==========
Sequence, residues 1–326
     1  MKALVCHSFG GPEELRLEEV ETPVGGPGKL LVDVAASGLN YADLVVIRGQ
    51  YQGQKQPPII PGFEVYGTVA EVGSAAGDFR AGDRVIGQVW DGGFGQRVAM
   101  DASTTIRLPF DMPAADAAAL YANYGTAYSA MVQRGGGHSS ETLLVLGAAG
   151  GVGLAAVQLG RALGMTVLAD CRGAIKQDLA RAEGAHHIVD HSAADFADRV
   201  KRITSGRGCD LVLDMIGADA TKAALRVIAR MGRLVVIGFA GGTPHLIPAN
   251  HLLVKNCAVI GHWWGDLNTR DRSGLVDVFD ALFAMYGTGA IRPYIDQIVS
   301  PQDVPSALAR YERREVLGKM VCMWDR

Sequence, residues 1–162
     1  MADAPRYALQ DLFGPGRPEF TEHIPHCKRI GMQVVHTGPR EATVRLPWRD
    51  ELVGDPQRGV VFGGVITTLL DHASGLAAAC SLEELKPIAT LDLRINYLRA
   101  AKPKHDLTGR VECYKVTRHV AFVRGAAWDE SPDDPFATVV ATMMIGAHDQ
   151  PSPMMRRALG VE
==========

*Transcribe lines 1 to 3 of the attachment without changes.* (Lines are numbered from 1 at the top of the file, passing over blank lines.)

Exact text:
Sequence, residues 1–326
     1  MKALVCHSFG GPEELRLEEV ETPVGGPGKL LVDVAASGLN YADLVVIRGQ
    51  YQGQKQPPII PGFEVYGTVA EVGSAAGDFR AGDRVIGQVW DGGFGQRVAM